In case of surgical treatment modalities of leukoplakia, recurrence ranges from 20-35%. The most widely used cutting instruments in surgery; Scalpel because of its precision, control, preservation of tissue integrity, and superior associated wound healing. However, Scalpel incisions are prone to bleeding that obscures the operative field. Scalpel excision is done by making an incision which should be deep and wide and the area should be undermined and dissected, followed by sutures are taken. (Waldron and Shafer, 1975) Post-laser therapy recurrences are reported as ranging from 7.7- 38.1% and malignant transformations as ranging from 2.6-9%. The most often used lasers for leukoplakia therapy to date have been: the CO2 laser, Diode laser, Nd:YAG laser, and KTP

laser. (Silverman et al., 1976; Shafer 6th edition) The benefits of using laser therapy includes heamostatic effect which improves the clarity and gives the clear operative field, minimal distruction of adjacent tissues which results reduced inflammatory reaction and post-operative pain, no secondary bleeding and low level scar formation. The disadvantage of the laser intervention is partial thermic destruction of the removed lesion, which restricts the histopathological assessment, and delayed epithelial regeneration directly in the wound compared to surgical excision along with suture. Till lately, the major limitation for the dissemination of the method was the price of the laser. The goal of this study was to determine the clinical and histopathological healing efficacy of leukoplakia treated using diode laser or scalpel in various parts of oral cavity.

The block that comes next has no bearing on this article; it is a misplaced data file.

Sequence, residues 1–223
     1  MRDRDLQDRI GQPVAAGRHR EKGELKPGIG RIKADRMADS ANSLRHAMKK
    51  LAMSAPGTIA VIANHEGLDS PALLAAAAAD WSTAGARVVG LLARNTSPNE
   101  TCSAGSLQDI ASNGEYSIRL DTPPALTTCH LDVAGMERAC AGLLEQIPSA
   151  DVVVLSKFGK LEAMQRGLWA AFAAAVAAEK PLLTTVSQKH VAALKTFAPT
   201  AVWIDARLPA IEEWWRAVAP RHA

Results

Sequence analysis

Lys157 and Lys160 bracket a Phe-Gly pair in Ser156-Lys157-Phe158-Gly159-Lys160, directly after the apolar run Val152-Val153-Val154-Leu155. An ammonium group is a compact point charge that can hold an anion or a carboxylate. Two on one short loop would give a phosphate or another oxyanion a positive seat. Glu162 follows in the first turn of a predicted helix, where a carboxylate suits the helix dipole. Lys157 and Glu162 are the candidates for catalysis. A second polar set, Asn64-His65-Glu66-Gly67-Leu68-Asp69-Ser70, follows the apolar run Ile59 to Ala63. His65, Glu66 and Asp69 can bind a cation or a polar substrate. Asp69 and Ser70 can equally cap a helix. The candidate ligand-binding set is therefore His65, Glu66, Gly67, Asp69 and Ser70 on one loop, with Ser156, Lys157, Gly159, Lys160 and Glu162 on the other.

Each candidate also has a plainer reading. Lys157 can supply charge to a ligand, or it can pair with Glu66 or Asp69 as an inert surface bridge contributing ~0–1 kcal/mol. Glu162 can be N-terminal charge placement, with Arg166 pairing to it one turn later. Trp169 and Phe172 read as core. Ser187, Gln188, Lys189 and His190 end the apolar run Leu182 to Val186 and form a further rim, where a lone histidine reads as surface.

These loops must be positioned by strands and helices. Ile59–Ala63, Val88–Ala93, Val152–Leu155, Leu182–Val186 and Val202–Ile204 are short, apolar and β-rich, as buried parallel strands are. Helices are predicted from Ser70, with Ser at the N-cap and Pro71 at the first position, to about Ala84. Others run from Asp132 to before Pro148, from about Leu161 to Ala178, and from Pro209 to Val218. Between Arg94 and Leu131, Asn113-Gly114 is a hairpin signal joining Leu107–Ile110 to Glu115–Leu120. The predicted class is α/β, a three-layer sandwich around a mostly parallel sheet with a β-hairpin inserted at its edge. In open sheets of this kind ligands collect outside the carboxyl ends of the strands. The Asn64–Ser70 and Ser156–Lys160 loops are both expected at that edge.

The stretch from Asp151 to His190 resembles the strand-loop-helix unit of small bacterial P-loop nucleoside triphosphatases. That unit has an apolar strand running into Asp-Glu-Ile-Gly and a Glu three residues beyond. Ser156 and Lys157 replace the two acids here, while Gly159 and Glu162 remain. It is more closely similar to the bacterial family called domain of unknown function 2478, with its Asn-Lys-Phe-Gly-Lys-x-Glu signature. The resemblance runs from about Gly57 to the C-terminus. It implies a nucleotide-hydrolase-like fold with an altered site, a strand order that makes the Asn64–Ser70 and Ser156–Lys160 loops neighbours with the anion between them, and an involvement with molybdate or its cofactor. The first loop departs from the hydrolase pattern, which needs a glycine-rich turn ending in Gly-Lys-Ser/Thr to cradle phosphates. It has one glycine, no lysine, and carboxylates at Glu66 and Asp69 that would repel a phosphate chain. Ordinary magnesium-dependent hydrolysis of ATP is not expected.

MATERIALS AND METHODS

The study was conducted after taking approval of Institutional Ethics Committee and patients consent form. The armamentarium used for the study is mentioned bellow

Armamentarium: (FIGURE)

 Mouth mirror probe.

 Towel clips.

 Surgical towels.

 Eye protecting goggles

 Gloves.

 Tooth forceps.

 Curved and straight artery forceps.

 Diode Laser- with curved or straight tip.- We will 810 nm wavelength contact mode diode LASER equipped with Maximum power as 8 watts but we be operating on 3 to 6 watts for all cases on continuous mode. Disposable tips – used were curved tips with 10mm length. The Picasso Lite diode comes standard with a multi tip handpiece which is a fiber optic bundle that carries the laser energy from the back of the laser to the surgical site. Many diodes have a strippable fiber. This strippable fiber is economical, and available in 200 micron (endo) and 400 micron (surgical diode dentistry) sizes for all Picasso lasers.

 These tips come in 3 shapes (straight, 45 degree and90 degree angles) and two lengths (5 and 10 mm).

 Topical & local anaesthesia (1:10,000 adrenaline)

 Punch Biopsy- Punch biopsies are usually taken of a larger lesion. The biopsy should be taken with the lesion at its centre. Larger core biopsy (punch biopsy)

should be 4mm eccentrically. This permits the initial paraffin sections to sample the centre of the core and ensures these lesions aren’t missed. Bisecting the core of a small biopsy (2mm) may cause damage.

 Scalpel – no. 15 BP blade and no. 3 Handle.

 Curved and Straight Artery forceps.

 Dissecting forceps or Adson Forceps with teeth and Mosquito Forceps

 Needle holder

 Silk sutures with needle.